Well now, some of the Bible scholars have noticed that John in verse 1 is echoing the words of the prophet Daniel. In fact, all through the book of Revelation, we can hear echoes of the Old Testament. But here, there’s an echo of Daniel 2. In Daniel 2, King Nebuchadnezzar had his dream of a large statue, made of gold and silver and bronze and iron and iron mixed with clay. And then a rock was cut out of a mountain — cut not by human hands — and it struck the statue and broke it into pieces. And the rock became a great mountain and filled the earth. And Daniel was able to interpret the dream to show how, just like the statue in the dream, all the kingdoms of the world would come to nothing. But another kingdom would come, a heavenly kingdom — signified by the rock which was cut out of the mountain without human hands. And this kingdom which will fill the earth will endure for ever.
That’s Daniel 2. Now, in verse 26 of Daniel 2, Nebuchadnezzar asked Daniel if he could interpret his dream. And Daniel replied that no wise man, enchanter, magician or diviner can explain to the king the mystery of the dream. However:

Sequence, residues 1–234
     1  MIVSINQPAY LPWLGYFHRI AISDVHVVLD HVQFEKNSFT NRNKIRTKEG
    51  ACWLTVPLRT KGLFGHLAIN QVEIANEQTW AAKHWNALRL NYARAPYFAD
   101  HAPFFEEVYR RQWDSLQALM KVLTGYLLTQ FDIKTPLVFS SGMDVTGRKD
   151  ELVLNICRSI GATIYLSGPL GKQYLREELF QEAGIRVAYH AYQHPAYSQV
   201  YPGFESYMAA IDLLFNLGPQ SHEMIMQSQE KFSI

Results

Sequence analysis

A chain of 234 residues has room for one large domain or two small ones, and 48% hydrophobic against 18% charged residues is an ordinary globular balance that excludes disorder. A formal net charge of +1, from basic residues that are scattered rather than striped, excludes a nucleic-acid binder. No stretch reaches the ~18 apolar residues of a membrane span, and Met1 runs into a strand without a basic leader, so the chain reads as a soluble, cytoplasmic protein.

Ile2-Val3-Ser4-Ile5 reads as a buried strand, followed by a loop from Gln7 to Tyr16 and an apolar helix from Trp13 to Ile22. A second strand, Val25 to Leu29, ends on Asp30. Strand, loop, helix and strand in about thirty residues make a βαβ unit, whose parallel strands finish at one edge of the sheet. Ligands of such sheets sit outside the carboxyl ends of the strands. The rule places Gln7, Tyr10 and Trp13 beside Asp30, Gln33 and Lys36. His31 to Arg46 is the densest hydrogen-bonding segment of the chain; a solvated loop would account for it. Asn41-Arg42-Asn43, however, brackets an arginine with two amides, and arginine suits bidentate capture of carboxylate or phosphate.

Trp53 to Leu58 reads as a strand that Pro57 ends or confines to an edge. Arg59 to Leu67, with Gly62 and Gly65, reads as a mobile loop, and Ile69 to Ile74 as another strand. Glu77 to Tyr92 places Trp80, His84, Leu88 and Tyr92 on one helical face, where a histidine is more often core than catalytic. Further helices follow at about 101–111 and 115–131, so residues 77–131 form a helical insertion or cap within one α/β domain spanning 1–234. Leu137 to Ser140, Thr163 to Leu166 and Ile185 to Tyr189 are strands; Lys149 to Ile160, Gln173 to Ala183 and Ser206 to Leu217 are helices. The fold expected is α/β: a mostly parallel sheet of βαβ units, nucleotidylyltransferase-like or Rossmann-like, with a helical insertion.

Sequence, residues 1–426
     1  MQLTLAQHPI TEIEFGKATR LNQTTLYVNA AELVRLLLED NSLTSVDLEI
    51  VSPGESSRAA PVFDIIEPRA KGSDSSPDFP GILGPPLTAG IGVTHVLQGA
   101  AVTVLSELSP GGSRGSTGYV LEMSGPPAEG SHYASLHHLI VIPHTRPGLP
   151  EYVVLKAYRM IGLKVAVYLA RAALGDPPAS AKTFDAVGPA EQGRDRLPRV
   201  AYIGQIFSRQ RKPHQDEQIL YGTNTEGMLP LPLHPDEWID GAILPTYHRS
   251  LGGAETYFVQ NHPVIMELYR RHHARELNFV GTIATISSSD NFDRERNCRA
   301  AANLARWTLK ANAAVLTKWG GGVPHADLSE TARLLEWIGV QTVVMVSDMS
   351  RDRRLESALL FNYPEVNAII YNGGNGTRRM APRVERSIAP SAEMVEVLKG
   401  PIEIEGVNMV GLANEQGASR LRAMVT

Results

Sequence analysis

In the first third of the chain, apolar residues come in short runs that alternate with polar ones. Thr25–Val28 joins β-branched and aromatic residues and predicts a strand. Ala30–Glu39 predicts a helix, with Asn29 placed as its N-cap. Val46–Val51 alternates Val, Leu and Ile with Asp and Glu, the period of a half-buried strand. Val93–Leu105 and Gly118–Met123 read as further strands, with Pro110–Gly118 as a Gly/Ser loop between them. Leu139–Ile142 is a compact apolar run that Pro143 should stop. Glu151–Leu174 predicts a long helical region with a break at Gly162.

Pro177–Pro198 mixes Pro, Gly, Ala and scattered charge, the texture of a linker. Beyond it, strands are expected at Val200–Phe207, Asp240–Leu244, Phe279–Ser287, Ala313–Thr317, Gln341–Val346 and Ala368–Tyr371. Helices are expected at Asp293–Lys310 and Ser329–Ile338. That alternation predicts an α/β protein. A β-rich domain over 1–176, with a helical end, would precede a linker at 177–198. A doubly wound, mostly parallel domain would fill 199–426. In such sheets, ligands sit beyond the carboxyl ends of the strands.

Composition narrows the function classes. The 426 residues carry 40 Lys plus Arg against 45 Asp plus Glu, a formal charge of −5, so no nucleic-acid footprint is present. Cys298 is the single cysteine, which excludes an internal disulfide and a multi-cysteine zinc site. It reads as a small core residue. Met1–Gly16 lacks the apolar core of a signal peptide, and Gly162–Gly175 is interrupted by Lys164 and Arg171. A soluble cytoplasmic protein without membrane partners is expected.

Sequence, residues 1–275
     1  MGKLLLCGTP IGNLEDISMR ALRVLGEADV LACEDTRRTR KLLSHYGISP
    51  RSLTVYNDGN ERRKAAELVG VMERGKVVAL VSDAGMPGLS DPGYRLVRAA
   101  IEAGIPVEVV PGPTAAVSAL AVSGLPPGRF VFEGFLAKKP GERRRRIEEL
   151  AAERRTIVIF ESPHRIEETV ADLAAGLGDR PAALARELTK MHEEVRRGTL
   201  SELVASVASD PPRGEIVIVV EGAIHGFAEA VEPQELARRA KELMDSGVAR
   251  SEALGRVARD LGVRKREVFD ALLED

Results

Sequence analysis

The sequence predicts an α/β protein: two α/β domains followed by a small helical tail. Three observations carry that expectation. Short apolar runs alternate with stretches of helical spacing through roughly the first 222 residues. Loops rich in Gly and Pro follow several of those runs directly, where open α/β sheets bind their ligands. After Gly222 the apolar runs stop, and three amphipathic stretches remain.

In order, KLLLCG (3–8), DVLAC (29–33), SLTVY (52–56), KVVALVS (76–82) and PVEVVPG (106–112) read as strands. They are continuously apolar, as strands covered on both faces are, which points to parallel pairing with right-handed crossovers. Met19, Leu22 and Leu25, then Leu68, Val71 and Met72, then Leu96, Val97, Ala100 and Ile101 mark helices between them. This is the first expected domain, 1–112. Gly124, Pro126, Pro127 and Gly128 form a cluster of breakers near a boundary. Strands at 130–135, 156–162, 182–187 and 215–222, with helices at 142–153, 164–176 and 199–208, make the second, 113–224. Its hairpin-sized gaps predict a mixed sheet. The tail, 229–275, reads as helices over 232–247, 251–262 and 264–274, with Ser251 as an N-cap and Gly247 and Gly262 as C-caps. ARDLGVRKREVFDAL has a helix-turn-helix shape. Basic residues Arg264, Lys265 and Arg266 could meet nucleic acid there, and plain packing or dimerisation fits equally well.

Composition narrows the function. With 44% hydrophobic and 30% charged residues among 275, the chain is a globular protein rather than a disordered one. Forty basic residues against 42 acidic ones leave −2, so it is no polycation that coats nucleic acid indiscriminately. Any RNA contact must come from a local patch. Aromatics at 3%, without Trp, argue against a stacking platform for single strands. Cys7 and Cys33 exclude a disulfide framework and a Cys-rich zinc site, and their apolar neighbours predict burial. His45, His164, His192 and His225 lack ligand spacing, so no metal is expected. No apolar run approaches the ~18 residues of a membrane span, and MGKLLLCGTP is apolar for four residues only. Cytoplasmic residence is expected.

there is a God in heaven who reveals mysteries. He has shown King Nebuchadnezzar what will happen in the latter days [or the last days].
Well, as I’ve said, Bible scholars think that John is echoing what Daniel said. So, Daniel says:
There is a God who reveals mysteries and who has shown what will happen.
And John, in turn, writes in verse 1 about a revelation from God which he has been given to show what will happen. We have ‘reveal’ and ‘revelation’; and we have ‘shown’ and ‘show’. However, whereas Daniel was talking about what will happen in the last days, John is talking about what will happen soon. Not in the last days, but soon.